The idea for split-intein based SCN1A reconstitution started when I first learned of the split-Cas9 system. Long story short, packaging Cas9 with a guideRNA sequence into an AAV vector is pushing the packaging capacity of AAV vector. To circumvent this issue, the authors design a split-Cas9 system where the coding sequence for Cas9 is split into two fragments, each fused to a split-inteins sequence. When co-expressed in cells, the split-inteins can function as glue joining two protein fragments together.
In an attempt to “shrink” SCN1A to be packageable in AAV vectors, I ran into several design and cloning issues, ultimately leading to the decision to terminate this project. Cas9 is a well-studied cytoplasmic protein with structural information while SCN1A is a large multi-pass transmembrane protein that weaves in and out of the plasma membrane. While success packaging and application of the split-Cas9 system for gene editing is encouraging, my attempt to translate similar design to SCN1A, without structural information, proves to be an oversight. Design aside, the coding sequence for human SCN1A is difficult to maintain. The SCN1A cDNA sequence tends to accumulate deletions and rearranges when transformed and propagated in E. coli. One way to improve plasmid stability and reduce unwanted rearrangement is by propagating plasmid in E. coli strains with recA1 genotype at room temperature. recA1 confers a loss of function in RecA1, a protein that is essential for homologous recombinational DNA repair in E. coli. While this strategy helps to alleviate the problem, it is time-consuming and eventually, I decided to make use of a codon-optimized human SCN1A cDNA as the cloning template for split-SCN1A constructs. While this solves the plasmid stability issue, the codon-optimized cDNA has not been well characterized and while the proteins expressed reconstituted, they failed to traffic to the correct cellular compartment. These raise an issue that needs to be addressed – how to propagate mutation-free gene therapy vectors with SCN1A sequence in large scale, have any of us managed to move the project to treatment pipeline.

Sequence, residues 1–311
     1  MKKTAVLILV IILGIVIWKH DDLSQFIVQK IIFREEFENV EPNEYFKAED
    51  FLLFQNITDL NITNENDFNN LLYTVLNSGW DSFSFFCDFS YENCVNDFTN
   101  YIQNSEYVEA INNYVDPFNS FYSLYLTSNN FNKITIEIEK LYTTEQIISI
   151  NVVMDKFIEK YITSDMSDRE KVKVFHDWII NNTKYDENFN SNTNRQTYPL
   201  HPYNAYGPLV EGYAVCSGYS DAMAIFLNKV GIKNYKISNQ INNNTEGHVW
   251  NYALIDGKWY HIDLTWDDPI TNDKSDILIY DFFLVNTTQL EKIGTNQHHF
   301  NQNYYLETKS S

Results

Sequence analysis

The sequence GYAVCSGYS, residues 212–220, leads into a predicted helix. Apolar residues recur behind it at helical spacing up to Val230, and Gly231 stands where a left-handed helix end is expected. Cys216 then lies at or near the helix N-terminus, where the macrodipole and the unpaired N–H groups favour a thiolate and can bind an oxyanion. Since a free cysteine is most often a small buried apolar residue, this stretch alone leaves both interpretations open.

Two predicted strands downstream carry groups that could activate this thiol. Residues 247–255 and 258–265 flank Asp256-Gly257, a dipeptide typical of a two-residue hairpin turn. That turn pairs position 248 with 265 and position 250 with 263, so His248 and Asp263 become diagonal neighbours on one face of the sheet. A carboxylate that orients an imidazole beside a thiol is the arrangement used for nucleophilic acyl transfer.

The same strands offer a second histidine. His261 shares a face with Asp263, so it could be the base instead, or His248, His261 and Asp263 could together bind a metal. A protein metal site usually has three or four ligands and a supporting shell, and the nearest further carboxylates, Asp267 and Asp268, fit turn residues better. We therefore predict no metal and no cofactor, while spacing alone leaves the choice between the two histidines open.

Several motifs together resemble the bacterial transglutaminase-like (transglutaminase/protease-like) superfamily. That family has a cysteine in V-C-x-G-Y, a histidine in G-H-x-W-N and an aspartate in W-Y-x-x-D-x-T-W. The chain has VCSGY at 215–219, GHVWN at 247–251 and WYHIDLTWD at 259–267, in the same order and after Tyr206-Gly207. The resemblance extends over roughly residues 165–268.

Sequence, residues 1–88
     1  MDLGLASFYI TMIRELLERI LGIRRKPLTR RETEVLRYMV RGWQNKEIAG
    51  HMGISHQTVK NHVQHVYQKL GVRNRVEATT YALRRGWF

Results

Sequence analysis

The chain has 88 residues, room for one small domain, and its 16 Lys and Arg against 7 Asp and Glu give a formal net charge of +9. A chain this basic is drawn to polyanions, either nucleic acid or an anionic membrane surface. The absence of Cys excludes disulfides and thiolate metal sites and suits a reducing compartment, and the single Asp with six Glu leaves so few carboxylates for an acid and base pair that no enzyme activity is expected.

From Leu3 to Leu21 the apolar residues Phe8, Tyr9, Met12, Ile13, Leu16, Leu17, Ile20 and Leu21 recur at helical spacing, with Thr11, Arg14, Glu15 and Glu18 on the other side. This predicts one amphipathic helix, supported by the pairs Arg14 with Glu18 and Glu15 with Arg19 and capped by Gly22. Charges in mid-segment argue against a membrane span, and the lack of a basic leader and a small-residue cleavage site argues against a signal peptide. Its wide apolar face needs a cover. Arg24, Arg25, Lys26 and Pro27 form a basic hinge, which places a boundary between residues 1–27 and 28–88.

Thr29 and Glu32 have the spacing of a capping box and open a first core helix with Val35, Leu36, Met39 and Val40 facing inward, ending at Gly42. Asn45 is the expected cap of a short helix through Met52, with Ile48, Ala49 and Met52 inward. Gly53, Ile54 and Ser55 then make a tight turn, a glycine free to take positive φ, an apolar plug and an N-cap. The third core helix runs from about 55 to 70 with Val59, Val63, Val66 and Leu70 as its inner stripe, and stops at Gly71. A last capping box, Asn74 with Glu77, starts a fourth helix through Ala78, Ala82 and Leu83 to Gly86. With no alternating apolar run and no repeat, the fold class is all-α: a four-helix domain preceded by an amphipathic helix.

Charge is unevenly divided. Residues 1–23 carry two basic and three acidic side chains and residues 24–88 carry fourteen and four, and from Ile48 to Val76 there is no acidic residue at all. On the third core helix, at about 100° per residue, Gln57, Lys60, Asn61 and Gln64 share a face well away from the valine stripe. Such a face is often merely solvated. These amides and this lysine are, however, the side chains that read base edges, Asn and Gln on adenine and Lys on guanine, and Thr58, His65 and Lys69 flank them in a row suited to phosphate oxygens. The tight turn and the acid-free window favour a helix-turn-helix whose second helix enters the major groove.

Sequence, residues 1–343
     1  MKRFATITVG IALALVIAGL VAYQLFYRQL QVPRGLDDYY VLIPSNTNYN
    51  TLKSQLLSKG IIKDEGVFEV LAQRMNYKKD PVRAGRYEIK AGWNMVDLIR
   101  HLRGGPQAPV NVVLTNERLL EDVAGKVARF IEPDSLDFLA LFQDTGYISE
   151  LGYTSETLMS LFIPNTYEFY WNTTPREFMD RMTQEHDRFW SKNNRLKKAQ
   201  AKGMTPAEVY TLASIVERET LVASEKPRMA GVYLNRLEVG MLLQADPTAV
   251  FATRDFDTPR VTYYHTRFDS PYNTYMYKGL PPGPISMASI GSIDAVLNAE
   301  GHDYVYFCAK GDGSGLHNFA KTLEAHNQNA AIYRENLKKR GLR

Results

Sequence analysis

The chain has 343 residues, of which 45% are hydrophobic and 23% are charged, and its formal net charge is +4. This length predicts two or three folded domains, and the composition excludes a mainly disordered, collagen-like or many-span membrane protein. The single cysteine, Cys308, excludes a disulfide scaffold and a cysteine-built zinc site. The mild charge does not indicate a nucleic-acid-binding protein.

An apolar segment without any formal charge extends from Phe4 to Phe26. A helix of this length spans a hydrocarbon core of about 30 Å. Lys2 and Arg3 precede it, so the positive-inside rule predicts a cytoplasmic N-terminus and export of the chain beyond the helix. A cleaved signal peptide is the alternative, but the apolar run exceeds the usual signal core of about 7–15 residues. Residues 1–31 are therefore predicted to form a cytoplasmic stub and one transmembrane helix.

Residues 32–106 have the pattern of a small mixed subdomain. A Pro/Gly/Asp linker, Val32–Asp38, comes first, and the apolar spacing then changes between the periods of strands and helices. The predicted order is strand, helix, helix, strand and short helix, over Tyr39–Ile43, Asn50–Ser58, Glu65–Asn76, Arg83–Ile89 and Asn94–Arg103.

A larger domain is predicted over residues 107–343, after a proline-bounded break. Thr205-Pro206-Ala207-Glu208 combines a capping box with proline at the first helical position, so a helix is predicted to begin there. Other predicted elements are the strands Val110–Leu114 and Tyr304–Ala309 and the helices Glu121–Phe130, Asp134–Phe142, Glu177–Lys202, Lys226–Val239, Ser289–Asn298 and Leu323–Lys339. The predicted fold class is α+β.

Thank you all for reading. While this project didn’t work out as planned, I truly believe that this is an exciting time for Dravet Syndrome. With recent positive Fenfluramine clinical trial results, exciting new drugs in the pipeline, and cross-continental efforts in pushing various gene therapy approaches for treating Dravet, I am hopeful that we can see these exciting results moving into medical treatment in the foreseeable future.